Go to page content

Contraception for women with diabetes

It is important to take care of contraception when you do not want to get pregnant. You should discuss family planning and your possible wishes for pregnancy during diabetes follow-up appointments.

The principles of pregnancy prevention are not drastically different for a person with diabetes. In addition to your personal preferences, the choice is informed by your age, preliminary gynaecological information, potential complications related to diabetes, duration of birth control as well as your future plans for becoming pregnant. As a pregnancy should be planned, the reliability of birth control is important, especially in the case of diabetes.

  • When properly used, a condom is often a good contraceptive. In occasional sexual relationships, it is important to use a condom to prevent sexually transmitted diseases.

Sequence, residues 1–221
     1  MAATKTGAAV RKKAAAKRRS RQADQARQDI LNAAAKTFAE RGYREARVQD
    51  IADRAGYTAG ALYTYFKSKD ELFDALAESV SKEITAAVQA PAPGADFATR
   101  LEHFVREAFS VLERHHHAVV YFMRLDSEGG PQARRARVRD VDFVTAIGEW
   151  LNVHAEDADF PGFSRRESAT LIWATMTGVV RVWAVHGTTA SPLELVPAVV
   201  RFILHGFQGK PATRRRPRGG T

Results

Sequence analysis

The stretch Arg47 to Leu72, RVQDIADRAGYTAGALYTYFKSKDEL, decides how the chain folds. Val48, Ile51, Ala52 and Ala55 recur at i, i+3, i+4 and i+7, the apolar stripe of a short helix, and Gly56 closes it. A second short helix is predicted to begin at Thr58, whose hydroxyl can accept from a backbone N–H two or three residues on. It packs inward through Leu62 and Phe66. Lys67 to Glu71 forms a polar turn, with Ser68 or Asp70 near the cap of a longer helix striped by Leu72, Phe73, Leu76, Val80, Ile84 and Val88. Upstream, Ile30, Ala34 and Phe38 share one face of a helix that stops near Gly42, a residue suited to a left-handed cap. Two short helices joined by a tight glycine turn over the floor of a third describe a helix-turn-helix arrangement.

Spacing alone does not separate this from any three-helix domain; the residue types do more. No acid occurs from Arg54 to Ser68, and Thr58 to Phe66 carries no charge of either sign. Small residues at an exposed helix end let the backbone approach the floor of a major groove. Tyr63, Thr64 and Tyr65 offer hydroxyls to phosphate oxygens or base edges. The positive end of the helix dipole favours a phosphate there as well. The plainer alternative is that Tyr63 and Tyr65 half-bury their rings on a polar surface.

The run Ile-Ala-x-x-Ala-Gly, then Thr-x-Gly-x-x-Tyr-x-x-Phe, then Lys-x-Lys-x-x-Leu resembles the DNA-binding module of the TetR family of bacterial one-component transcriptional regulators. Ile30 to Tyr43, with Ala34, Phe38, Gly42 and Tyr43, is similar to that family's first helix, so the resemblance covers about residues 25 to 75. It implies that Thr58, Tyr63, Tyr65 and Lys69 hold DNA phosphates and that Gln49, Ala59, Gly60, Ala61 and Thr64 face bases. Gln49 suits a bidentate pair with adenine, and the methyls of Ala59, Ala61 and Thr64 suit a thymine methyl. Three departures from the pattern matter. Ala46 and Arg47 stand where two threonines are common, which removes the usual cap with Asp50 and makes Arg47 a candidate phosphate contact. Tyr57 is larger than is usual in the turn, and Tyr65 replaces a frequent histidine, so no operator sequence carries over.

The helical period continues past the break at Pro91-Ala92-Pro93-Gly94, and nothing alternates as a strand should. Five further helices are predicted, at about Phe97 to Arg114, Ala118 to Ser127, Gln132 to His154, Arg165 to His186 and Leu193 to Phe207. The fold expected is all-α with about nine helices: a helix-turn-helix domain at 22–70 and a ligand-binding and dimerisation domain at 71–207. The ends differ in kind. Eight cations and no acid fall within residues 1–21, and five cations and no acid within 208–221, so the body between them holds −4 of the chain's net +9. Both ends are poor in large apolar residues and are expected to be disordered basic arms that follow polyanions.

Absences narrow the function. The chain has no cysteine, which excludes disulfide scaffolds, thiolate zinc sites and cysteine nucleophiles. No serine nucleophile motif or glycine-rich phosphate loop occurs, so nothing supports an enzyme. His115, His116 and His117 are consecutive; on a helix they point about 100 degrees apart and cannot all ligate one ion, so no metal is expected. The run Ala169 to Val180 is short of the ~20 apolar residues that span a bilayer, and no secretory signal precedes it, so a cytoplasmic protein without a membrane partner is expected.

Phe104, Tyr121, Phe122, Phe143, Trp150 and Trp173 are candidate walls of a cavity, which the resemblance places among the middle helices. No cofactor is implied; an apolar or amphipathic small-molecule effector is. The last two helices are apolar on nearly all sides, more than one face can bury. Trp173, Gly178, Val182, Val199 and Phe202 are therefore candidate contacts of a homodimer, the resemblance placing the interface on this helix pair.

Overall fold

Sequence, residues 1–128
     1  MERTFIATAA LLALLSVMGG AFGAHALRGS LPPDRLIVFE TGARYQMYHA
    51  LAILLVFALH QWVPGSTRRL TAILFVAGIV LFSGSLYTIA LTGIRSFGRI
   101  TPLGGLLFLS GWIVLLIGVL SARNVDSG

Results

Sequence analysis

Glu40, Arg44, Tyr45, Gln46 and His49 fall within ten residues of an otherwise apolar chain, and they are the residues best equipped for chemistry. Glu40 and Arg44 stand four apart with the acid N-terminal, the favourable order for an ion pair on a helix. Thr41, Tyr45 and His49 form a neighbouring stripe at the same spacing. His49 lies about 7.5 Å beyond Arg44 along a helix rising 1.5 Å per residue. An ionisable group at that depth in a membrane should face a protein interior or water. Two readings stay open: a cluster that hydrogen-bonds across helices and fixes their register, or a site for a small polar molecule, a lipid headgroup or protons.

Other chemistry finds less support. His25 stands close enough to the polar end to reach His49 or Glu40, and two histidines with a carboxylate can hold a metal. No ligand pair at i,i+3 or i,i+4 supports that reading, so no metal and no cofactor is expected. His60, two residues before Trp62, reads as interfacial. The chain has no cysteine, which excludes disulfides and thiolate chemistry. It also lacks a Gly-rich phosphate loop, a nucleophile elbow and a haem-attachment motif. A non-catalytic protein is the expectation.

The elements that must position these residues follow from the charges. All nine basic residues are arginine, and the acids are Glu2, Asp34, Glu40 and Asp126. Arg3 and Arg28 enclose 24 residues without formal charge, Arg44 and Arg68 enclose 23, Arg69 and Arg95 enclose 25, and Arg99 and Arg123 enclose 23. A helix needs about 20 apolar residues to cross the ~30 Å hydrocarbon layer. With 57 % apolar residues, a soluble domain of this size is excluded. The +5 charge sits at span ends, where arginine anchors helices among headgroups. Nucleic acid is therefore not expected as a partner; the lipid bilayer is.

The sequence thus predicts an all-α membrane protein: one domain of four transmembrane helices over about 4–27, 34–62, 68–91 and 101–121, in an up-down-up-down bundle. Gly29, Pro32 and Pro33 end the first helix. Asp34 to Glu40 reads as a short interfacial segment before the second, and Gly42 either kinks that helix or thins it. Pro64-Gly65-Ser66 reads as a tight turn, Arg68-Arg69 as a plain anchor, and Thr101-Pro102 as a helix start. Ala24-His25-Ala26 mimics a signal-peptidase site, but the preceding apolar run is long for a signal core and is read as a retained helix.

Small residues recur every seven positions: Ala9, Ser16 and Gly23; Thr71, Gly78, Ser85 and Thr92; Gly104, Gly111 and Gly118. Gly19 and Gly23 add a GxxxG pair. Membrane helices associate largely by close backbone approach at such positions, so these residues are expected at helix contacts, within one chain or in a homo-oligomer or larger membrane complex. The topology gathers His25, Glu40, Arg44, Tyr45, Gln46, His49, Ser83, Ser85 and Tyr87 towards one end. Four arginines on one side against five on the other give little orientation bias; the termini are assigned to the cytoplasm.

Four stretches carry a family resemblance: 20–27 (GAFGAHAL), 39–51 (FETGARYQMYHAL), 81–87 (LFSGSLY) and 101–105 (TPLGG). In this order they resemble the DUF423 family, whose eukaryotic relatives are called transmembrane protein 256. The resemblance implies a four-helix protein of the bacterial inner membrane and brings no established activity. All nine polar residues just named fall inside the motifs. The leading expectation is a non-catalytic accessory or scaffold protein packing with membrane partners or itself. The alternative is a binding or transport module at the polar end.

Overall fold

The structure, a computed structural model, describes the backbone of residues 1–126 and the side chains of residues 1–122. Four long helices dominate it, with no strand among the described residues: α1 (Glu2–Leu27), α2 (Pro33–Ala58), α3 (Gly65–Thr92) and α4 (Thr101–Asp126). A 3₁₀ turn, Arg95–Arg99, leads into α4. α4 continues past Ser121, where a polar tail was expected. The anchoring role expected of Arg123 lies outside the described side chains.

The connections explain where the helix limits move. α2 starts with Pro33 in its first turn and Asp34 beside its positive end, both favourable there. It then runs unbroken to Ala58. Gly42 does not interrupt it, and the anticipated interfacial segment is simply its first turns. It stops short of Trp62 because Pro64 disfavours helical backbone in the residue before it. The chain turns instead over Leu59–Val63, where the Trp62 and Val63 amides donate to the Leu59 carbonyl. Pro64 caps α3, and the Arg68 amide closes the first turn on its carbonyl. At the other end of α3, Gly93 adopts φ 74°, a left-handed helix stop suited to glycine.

• A woman can use a combined contraceptive pill as long as her blood sugar balance is at recommended levels and she does not have any significant complications related to diabetes. However, using it involves a slightly higher risk of deep vein thrombosis.

  • Mini pills or progestin-only pills can often be a viable option.

  • An intrauterine device (IUD) can be a good choice for a person with diabetes. You can use an IUD that releases a hormone or copper even if you have not given birth before.

  • Sterilisation may be an option if you are certain that you want to permanently prevent pregnancy.

Updated 30.9.2023